Facebook had announced an experiment in February. It would show less political content to users in certain countries, including the US. Then, it would ask them questions about their experience. Aastha Gusta, a product manager, stated that our goal is to keep people able to interact with and find political content on Facebook while still respecting their individual appetites.
The company gave an update on Tuesday morning. Survey results show that users are less likely to see political content in their feeds. Facebook plans to continue the experiment in other countries and teases further expansions in coming months. This is an interesting move for a company that has been in constant trouble for its impact on politics. After all, the move was announced just one month after Donald Trump supporters stormed US Capitol. This episode was blamed by some, including elected officials. This change could have major ripple effects on media outlets and political groups that have grown accustomed to using Facebook for distribution.
However, the most important part of Facebook's announcement has nothing to do whatsoever with politics.
Any AI-driven social media platform, such as Facebook, Instagram and Twitter, TikTok or YouTube, has the basic idea that you don't have to tell it what to see. The algorithm can learn what interests you by simply watching what you share, comment on, like, or linger over. It will then show you more of the same.
This design feature provides social media companies with a handy defense against criticism. If certain content is popular on a platform, it's because users love it. If you don't like this, it could be because users are the problem.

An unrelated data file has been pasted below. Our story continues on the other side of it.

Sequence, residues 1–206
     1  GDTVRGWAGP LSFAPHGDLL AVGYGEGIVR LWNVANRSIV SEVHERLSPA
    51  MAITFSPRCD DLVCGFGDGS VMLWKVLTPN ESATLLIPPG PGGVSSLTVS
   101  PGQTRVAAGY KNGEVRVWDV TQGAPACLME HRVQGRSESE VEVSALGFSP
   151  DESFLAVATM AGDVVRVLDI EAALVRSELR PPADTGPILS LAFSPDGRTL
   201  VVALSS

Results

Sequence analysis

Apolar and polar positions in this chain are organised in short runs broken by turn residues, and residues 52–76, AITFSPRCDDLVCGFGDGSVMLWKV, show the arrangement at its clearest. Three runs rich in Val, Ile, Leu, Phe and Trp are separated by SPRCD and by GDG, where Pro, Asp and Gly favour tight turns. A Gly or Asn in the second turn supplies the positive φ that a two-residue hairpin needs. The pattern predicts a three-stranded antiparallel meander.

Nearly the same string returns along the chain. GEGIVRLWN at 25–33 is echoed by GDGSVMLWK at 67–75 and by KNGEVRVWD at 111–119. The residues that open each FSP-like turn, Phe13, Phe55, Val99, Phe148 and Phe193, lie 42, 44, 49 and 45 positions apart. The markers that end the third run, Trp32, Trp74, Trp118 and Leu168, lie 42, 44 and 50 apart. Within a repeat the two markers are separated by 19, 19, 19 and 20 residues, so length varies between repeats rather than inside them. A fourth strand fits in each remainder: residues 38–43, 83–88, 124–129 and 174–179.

Yet, optimizing for engagement is the core of many criticisms of social media platforms. A too-focused algorithm on engagement could lead users to engage with content of low social value but high in engagement. They might be fed a diet of ever more extreme posts, which can make them more engaged. It might also encourage the spread of false and harmful material, as the system selects first for what will generate engagement, instead of what should be seen. The many ills of engagement-first design explain why neither Mark Zuckerberg nor Jack Dorsey or Sundar Pichai admitted during a March congressional hearing, that they do not control the platforms. Zuckerberg maintained that Facebook's real goal is to create meaningful social interactions. He said that engagement is only an indicator that we are delivering that value and that people will use our services more.
Zuckerberg acknowledged in a different context that it might not be as simple. Zuckerberg wrote in a 2018 post explaining why Facebook blocks borderline posts trying to push the platform's rules without breaking them. He said that no matter where the lines are drawn for what is allowed, people will engage more with content that gets closer to those lines. However, that observation seemed to be confined to how Facebook implements its policies about banned content rather than rethinking its ranking algorithm.